Further Friday Frustrations

  1. Besides COVID-19, the drought and the threat of wildfires, we’re wondering about how the crazy worms will affect us.
  2. I’m also concerned that I’m not cheugy.
  3. Well, not that concerned.
  4. I’ve been accepted by Medicare. As a military retiree of a certain era, I’m covered by Tricare. Tricare requires me to get Medicare A and B when I turn 65. That happens in July. I applied when I became eligible. A few days later, I was accepted. Meanwhile, I receive phone calls, emails, and snail mail from individuals and companies offering to help me navigate making my Medicare choices. It’s another industry. Everything becomes an industry, and as you reach certain milestones, they make you aware of it. It used to be that my junk mail was all about buying a new car, shopping for clothes, or taking vacations. Now it’s about hearing aids, funeral services, Medicare, reverse mortgages, and Viagra.
  5. Of course, there’s a few new industries afflicting all of us who own a home or car. We receive regular phone calls about our car and home warranties. In our house, we don’t answer the phone unless we recognize the number. The other industry that’s aggressively chasing us is insurance against our water pipes bursting in our yard. A WaPo article says, in essence, yeah, it’s another scam.
  6. I think one of my cats has short-term memory issues. Whenever Boo encounters our other cats, Papi and Tucker, he reacts like, “OMG, who the hell are you?”
  7. To mitigate the fire threat in our town, a ‘firewise’ program has been established. Basically, don’t use any bark mulch on the ground. Don’t grow any flammable plants within five feet of the house. Store wood products that you might have at east thirty feet from the house. Trim back all branches so they’re not touching the house or close enough for flames to leap from the tree to the roof. Get rid of wooden decks, wooden fences, conifers and blackberries. Walking around Ashland, I can see that the program has made little progress. We were affected by a fire last year. There were actually three fires on the same very windy day. All three were started by individuals. The firewise program can’t address the wind or deliberate fires.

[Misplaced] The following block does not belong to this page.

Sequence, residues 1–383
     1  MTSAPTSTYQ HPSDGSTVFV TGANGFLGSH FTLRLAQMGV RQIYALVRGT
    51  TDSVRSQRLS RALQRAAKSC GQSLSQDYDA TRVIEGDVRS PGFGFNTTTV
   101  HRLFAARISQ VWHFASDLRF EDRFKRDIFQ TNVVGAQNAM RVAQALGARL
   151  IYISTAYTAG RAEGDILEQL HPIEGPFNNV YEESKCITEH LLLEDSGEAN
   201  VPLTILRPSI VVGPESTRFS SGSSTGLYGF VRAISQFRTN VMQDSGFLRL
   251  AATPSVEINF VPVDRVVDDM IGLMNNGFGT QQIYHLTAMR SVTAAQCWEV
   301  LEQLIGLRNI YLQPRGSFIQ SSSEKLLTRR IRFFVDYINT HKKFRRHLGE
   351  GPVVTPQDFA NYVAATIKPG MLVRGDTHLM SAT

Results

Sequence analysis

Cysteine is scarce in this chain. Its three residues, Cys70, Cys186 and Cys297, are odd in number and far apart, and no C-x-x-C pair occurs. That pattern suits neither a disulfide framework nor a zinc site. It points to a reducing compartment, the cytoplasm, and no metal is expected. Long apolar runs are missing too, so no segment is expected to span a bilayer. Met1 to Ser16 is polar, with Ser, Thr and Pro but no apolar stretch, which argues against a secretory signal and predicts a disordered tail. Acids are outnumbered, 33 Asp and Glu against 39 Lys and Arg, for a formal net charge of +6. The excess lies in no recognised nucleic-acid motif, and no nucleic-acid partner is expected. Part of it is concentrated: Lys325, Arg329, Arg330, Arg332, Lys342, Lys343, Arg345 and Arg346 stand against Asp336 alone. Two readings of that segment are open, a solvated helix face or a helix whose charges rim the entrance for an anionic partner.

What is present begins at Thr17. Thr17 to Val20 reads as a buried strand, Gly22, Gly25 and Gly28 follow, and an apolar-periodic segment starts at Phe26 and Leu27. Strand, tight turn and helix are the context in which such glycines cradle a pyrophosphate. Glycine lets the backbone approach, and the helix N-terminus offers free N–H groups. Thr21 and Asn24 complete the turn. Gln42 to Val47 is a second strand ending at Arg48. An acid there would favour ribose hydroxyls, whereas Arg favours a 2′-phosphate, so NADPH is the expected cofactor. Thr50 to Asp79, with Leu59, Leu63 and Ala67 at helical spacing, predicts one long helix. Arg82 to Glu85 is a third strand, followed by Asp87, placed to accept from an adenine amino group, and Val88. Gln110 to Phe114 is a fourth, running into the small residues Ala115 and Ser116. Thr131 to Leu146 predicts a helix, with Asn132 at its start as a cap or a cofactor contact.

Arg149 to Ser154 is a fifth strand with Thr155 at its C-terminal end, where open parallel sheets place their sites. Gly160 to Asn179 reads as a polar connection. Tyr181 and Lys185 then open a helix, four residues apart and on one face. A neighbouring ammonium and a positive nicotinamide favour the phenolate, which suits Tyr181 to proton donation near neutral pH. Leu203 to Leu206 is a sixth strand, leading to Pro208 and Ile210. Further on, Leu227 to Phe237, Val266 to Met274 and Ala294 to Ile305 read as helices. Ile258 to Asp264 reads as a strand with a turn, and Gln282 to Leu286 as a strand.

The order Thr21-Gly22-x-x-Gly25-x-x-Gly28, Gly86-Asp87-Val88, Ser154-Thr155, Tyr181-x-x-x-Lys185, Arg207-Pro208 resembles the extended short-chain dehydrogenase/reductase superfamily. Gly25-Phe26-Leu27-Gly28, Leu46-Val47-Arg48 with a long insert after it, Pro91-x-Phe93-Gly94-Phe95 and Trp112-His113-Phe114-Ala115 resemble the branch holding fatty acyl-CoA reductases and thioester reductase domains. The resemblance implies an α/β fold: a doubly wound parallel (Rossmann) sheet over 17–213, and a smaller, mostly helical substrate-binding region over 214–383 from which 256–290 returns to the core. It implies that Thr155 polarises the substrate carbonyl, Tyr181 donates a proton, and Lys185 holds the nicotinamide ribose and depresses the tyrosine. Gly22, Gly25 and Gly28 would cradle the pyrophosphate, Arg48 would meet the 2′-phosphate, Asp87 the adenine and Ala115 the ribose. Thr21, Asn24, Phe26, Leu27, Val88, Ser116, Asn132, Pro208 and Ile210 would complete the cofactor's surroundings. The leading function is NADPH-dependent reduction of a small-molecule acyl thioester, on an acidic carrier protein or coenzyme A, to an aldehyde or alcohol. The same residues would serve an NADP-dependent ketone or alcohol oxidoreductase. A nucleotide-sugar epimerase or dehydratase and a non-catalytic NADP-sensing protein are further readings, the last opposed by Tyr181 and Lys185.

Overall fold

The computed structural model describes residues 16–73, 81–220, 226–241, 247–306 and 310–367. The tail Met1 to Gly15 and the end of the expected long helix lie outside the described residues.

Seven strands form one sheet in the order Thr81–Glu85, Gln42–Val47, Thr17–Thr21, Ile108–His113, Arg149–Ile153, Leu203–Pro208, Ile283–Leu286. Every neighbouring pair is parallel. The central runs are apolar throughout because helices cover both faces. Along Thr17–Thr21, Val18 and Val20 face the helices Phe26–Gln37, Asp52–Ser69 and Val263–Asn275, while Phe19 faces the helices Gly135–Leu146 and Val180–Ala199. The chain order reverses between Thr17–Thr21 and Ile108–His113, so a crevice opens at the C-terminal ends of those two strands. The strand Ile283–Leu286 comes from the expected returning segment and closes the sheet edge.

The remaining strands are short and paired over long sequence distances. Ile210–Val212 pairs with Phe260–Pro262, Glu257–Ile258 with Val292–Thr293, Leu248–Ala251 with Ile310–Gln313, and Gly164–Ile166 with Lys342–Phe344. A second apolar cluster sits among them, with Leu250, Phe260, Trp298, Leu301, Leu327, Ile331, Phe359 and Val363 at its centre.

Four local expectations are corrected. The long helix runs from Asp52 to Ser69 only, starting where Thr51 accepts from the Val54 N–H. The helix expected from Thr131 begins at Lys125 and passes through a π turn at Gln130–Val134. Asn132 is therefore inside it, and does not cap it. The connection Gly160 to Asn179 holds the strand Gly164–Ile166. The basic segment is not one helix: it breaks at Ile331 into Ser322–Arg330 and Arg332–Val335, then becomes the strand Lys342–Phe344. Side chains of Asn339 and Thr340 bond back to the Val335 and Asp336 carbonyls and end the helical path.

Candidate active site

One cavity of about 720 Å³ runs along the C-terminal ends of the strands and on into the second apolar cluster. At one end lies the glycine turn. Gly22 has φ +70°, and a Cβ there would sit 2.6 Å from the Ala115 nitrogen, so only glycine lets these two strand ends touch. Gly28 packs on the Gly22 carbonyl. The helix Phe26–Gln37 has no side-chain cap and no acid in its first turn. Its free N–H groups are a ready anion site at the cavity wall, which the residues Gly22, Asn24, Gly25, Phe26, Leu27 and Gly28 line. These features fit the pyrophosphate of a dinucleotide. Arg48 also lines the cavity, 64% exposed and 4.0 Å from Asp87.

8. They also tell us to keep your plants watered so they don’t dry out and become fuel, but we’re in an extreme drought, so hey, there’s little water to water plants. The only option appears to be to pull out all your plants except those of a desert variety and put small stones or pebbles in your yard to help reduce moisture. Of course, I’m also exploring polymers that are supposed to help the soil retain moisture.
  9. Delivering decorative bark (or mulch) had become a growing industry. Go to any hardware store’s garden area and there’s bags and bags of variations. Blower trucks will load up and come to your house and spread it for you with a giant reverse vacuum cleaner. Now, I suspect a new industry, to vacuum it all back up, will begin taking root.
  10. I thought that killer bees and murder hornets were bad. Now we can add crazy worms to the list of things nature has devised to make the world more interesting. The MSN story says, “Pick one up, and you’ll see why, as the creepy-crawly jerks, writhes and springs out of your hand. (It may even leave its tail behind, as a grim souvenir.) And now, scientists are finding the wrigglers have spread to at least 15 states across the U.S.” They resemble regular worms and are bad for the soil.